Porsche 996 GT3
Stripped-out cabin and unique badging hint at potential of GT3’s all-new flat-six – which was based on unit from GT1 racer.
A 911 with a water-cooled engine? The very idea of the 996 caused many enthusiasts to get hot under the collar. Could a true 911 really do without air cooling? The answer was yes, and one particular 996 stands out as a great: the GT3.
Launched at the Geneva Motor Show in 1999, it was conceived as the modern day incarnation of the 2.7 RS. And as with its 1973 predecessor, it was built to homologate the 911 for racing.
What made it special was its engine. Sitting below the shapely rear wing wasn’t a tuned version of the standard 3.4-litre flat-six, but an all-new 3.6-litre unit based on the turbo from the firm’s GT1 supercar.
Porsche re-engineered the hand-built engine for mass production, dispensing with the turbos but keeping the titanium con rods. This allowed it to rev much higher than the standard unit, adding huge credibility to the GT3’s performance car appeal.
At launch, the 360bhp GT3 was the most powerful normally aspirated 911 ever sold to the public. The use of race-inspired parts wasn’t limited to the engine, either. The six-speed manual gearbox was taken from the rare 993 GT2, while a lower ride height, adjustable dampers, firmer springs and reworked anti-roll bars meant the chassis had equal pedigree. Upgraded brakes and lightweight 18-inch wheels completed the dynamic improvements, and a deep chin spoiler, wider sills and double-deck rear wing ensured there was no mistaking the GT3.
Needless to say, it had the performance to match its looks. The 0-60mph sprint took 4.7 seconds, while top speed was 187mph. Even more impressively, the GT3 was the first production model to lap Germany’s Nürburgring circuit in less than eight minutes. Plus, in its first-ever race, the competition version won its class in the 1999 Le Mans 24 Hours.
Road models came in two trims: Comfort or Clubsport. Our car is one of the latter, and is designed to be even more track focused. It gets a roll cage, fire extinguisher, bucket seats and single-mass flywheel, which makes a unique rattling noise when you press the clutch at a standstill. All this adds to the sense that the GT3 was in keeping with the finest traditions of Porsche – a road car derived from competition.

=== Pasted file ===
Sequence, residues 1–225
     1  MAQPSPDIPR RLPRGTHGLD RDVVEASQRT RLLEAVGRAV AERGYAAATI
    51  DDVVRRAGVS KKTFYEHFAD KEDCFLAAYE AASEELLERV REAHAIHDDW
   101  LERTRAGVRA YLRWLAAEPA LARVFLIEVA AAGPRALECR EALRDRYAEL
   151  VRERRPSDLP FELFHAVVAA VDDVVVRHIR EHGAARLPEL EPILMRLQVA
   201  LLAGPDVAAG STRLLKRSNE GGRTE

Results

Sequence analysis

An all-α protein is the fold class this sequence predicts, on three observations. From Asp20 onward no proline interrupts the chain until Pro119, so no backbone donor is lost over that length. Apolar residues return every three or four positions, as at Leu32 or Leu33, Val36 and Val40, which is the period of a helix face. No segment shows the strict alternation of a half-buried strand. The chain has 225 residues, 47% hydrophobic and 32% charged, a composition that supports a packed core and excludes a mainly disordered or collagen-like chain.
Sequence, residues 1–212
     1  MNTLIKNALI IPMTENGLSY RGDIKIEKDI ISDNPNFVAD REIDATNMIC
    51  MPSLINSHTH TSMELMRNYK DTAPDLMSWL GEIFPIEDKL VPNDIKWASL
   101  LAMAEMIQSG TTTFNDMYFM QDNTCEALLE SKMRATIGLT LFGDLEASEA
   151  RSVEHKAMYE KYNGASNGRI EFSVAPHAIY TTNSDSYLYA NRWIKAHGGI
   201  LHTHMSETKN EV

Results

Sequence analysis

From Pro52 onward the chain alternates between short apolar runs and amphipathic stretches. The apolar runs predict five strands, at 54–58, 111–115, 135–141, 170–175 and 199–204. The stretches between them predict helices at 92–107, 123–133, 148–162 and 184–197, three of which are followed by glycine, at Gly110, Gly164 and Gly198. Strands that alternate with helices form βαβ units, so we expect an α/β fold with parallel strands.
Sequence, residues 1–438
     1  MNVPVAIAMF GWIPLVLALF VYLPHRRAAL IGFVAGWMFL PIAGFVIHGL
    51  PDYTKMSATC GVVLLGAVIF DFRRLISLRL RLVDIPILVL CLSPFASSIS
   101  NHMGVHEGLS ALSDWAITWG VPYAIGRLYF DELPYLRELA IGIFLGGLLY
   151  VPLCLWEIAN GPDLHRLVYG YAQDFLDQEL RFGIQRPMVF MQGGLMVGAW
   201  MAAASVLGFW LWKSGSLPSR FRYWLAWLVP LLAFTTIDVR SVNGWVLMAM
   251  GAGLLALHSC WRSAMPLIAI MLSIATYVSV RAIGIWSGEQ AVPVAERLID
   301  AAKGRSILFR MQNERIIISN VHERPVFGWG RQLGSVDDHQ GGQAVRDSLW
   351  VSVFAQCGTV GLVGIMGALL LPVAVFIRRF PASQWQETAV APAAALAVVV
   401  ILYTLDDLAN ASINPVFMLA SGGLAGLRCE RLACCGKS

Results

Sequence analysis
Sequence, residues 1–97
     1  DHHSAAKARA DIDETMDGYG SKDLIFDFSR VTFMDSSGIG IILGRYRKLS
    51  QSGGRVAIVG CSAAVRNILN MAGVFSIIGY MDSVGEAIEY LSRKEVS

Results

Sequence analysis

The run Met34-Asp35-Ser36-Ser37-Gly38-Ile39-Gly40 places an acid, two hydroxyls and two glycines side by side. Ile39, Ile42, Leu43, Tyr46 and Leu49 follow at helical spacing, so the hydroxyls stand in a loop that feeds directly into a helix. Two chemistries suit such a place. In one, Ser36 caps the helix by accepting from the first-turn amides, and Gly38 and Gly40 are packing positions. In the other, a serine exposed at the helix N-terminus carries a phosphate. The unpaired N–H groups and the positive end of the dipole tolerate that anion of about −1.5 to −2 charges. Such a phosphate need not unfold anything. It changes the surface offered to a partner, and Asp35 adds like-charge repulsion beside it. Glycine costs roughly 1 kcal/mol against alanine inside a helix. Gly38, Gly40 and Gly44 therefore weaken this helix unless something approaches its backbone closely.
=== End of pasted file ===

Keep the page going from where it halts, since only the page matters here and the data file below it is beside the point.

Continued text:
The power and torque of the 3.6-litre engine, combined with the precise chassis and the superb brakes, mean it’s one of the most engaging driver’s cars of its era. Its success led to a second-generation 996 GT3, the 996 GT3 RS, as well as the subsequent 997 versions. That’s an outstanding bloodline.
Owner profile by Alexander Drobik GT3 owner Alex has been driving Porsches since 1979. “Seeing them compete in the Le Mans 24 Hours was the inspiration for me to buy my first one,” he tells us.
“I’ve always loved Porsche’s racing heritage; it breeds speed and reliability. That’s what made the Clubsport-spec GT3 so incredibly appealing to me. It’s a racing car for the road; the engine is wonderfully responsive and high revving. I use it for track days and on the road. It’s a very special 911.”
In this review
- 1IntroductionFour decades of supercar legends come together as we pick the finest-ever Porsche.
- 2Porsche 997 Carrera SLatest 911 is best yet to drive, while cabin is luxurious and gets sat-nav, adding to appeal.
- 3Porsche 996 GT3 - currently readingStripped-out cabin and unique badging hint at potential of GT3’s all-new flat-six – which was based on unit from GT1 racer.
- 4Porsche 993 Carrera 2SInterior got more comforts, and air-cooled engine was used for last time in this pivotal version of 911.
- 5Porsche 911 Turbo MartiniSpecial wore drinks brand’s colours inside and out, while the engine was completely reworked.
- 6Porsche 2.7 RS lightweightCabin was stripped out, while distinctive spoiler and decals hint at motorsport pedigree.
- 7Porsche 911 ESimple, clean lines continue inside the car; rear-mounted engine gives strong pace and a unique cornering feel.